Annual Report: Indonesia 2010

May 28, 2010

Annual Report: Indonesia 2010

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Violence increased sharply around the time of parliamentary and presidential elections, creating a climate of fear and intimidation. There were reports that security forces used unnecessary or excessive force during demonstrations and tortured and illtreated people during arrest, questioning and detention. Security forces also reportedly committed unlawful killings. Severe restrictions were imposed on the right to peaceful assembly and expression.

  • On 6 April, police opened fire on a protest in the city of Nabire, Papua province, injuring at least seven people including a 10-year-old pupil who was shot as he returned from school. A police officer was also injured by an arrow. Police beat and otherwise illtreated Monika Zonggonau, Abet Nego Keiya and fifteen other political activists during and after arrest. On 9 April, the body of Abet Nego Keiya was found at Waharia village, Nabire district.
  • Prisoners of conscience Filep Karma and Yusak Pakage, sentenced to 15 and 10 years' imprisonment respectively, remained in jail. The two men were convicted in 2005 for raising the "Morning Star" flag.


Torture remained widespread during arrest, interrogation and detention. Criminal suspects from poor and marginalized communities and peaceful political activists were particularly vulnerable to violations by police, including unnecessary or excessive use of force, sometimes resulting in death; torture and other ill-treatment; and failure to protect demonstrators and religious minorities.

  • In January, at least 75 villagers from Suluk Bongkal village in Riau province were charged with illegally claiming land. Police had arrested them in December 2008 after forcibly evicting them. In August, they were sentenced to 10 months' imprisonment and a fine of 1 million Indonesian rupiah. By the end of the year, the villagers had not received compensation, reparations or alternative adequate housing.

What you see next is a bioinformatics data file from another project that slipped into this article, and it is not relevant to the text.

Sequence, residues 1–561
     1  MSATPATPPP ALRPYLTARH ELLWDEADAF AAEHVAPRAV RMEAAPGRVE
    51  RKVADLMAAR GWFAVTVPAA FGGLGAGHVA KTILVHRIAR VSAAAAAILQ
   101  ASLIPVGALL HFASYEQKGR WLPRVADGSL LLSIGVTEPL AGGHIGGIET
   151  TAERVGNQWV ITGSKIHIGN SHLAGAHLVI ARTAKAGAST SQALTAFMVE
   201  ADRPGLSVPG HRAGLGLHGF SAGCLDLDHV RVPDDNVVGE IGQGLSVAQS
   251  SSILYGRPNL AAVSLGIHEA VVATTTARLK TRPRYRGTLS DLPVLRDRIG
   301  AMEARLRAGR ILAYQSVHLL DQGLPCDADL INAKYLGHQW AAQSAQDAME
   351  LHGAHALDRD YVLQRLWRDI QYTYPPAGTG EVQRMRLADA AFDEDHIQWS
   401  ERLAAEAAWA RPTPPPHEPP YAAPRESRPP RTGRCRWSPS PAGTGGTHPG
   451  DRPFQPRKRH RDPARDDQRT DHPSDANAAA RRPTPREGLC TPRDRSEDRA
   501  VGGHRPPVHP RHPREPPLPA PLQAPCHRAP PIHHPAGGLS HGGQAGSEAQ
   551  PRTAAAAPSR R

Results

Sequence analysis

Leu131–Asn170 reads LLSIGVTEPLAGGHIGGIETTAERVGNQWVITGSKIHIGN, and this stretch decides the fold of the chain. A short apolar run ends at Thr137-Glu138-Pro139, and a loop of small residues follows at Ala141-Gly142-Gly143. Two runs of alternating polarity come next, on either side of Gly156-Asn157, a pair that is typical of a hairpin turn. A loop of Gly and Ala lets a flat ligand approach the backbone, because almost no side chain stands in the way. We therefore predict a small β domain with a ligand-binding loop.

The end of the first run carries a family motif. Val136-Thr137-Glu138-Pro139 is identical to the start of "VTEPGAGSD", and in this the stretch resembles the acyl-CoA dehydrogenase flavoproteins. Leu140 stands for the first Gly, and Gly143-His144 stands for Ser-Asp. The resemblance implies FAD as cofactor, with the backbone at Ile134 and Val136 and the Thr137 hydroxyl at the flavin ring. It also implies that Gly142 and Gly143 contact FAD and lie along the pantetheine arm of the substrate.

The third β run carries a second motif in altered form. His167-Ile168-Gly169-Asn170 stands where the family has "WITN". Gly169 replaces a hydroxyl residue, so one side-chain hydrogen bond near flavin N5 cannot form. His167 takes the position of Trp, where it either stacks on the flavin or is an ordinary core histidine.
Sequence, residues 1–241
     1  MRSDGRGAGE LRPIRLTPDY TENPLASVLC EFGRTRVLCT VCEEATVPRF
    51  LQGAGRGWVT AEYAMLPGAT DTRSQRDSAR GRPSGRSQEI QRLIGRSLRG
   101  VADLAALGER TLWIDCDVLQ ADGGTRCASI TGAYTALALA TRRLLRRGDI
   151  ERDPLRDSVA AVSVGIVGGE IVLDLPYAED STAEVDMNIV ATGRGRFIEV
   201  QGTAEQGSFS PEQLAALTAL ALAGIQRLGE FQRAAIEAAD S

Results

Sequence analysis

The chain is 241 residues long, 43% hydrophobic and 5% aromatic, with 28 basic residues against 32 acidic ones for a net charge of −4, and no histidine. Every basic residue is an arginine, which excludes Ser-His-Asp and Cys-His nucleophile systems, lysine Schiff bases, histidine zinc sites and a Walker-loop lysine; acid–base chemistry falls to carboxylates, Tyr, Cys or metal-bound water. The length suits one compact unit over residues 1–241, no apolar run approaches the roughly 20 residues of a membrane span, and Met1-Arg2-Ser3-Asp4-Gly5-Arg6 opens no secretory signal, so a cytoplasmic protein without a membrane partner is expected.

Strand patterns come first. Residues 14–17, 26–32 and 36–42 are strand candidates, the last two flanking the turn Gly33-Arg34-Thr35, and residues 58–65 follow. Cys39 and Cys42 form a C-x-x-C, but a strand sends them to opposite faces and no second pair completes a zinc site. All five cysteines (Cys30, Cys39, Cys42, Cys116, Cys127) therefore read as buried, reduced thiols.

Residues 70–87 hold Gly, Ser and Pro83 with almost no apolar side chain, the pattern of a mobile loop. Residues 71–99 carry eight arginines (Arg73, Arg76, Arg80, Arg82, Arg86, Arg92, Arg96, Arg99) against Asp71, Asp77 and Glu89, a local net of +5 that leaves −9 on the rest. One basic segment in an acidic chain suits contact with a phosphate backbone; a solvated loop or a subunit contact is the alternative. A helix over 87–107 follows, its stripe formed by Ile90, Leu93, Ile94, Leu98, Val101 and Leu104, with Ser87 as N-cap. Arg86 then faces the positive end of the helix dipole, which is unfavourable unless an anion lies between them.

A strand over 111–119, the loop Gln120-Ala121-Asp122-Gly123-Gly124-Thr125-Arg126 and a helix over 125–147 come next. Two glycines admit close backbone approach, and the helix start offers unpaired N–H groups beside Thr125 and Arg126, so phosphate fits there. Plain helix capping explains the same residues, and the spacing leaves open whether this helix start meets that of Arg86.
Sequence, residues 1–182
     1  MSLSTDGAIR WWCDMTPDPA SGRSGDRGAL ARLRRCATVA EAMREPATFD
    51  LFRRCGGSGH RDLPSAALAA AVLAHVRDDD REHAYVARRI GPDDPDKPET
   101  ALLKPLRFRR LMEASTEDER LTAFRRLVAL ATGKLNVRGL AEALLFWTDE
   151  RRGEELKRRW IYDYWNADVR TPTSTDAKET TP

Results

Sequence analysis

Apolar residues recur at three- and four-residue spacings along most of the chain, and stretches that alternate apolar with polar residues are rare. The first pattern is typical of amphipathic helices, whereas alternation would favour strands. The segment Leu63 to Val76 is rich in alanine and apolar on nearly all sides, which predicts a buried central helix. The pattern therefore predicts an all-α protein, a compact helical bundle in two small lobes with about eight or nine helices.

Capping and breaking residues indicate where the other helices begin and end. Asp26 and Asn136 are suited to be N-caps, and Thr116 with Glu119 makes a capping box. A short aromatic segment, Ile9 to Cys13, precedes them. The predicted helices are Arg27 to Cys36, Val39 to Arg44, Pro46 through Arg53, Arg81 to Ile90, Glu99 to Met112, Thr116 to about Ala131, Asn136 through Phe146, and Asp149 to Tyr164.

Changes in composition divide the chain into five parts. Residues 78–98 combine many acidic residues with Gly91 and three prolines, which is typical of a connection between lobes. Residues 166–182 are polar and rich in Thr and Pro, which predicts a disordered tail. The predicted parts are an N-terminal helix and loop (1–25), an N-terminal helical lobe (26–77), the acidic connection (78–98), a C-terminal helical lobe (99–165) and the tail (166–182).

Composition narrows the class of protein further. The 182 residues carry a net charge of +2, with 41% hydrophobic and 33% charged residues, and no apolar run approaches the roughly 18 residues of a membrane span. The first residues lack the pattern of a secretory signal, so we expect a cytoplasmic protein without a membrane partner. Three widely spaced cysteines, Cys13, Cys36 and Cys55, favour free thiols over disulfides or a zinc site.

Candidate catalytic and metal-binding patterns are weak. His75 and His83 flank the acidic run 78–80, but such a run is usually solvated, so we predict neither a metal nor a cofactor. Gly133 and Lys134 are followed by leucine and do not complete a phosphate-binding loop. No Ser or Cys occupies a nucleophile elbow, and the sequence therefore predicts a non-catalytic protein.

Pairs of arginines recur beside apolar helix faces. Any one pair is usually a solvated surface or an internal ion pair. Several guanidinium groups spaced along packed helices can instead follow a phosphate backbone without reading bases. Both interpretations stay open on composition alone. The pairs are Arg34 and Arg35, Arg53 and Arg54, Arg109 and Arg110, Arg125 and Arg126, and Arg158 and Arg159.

In January, the police issued a new regulation on the use of force in police action (No.1/2009), largely in line with the UN Basic Principles on the Use of Force and Firearms. In June, the police issued a regulation on the implementation of human rights principles (No.8/2009). However, internal and external accountability mechanisms to deal with police abuse remained weak.


Impunity for past gross human rights violations in Aceh, Papua, Timor-Leste and elsewhere continued. The government continued to promote reconciliation with Timor-Leste at the expense of justice for crimes under the Indonesian occupation of East Timor (1975-1999).

  • In August, the government interfered with the judicial process in Timor-Leste by pressuring the Timor- Leste government to release Martenus Bere, an indicted militia leader charged with the extermination of civilians in the town of Suai and other crimes against humanity in 1999. In October, Martenus Bere was allowed to return to West Timor (Indonesia) before his case had been prosecuted by an independent court in a fair trial.

Over 300 individuals who were indicted by the UN Special Panels for Serious Crimes for crimes against humanity and other crimes remained at large and were outside the territorial jurisdiction of Timor-Leste. Most of them were believed to live in Indonesia. The government refused to facilitate the extradition of those indicted on the basis that it did not recognize the UN mandate to try Indonesian citizens in Timor- Leste.

In September, the Special Committee on Disappearances 1997-1998 of the House of People's Representatives urged the government to create an ad hoc human rights court to try those responsible for enforced disappearances. They also urged the government to ratify the International Convention for the Protection of All Persons from Enforced Disappearance. However, the government had not acted on the recommendations by the end of the year.

Death penalty

No executions were reported. However, at least 117 people remained under sentence of death.